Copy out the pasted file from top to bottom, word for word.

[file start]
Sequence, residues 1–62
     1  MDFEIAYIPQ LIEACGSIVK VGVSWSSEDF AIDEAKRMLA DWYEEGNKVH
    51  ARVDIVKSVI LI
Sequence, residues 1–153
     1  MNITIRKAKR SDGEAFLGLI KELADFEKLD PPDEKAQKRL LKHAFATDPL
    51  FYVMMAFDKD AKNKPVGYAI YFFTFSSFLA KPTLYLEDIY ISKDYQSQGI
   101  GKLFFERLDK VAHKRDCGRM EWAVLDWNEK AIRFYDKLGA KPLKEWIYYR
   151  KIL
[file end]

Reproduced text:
Sequence, residues 1–62
     1  MDFEIAYIPQ LIEACGSIVK VGVSWSSEDF AIDEAKRMLA DWYEEGNKVH
    51  ARVDIVKSVI LI
Sequence, residues 1–153
     1  MNITIRKAKR SDGEAFLGLI KELADFEKLD PPDEKAQKRL LKHAFATDPL
    51  FYVMMAFDKD AKNKPVGYAI YFFTFSSFLA KPTLYLEDIY ISKDYQSQGI
   101  GKLFFERLDK VAHKRDCGRM EWAVLDWNEK AIRFYDKLGA KPLKEWIYYR
   151  KIL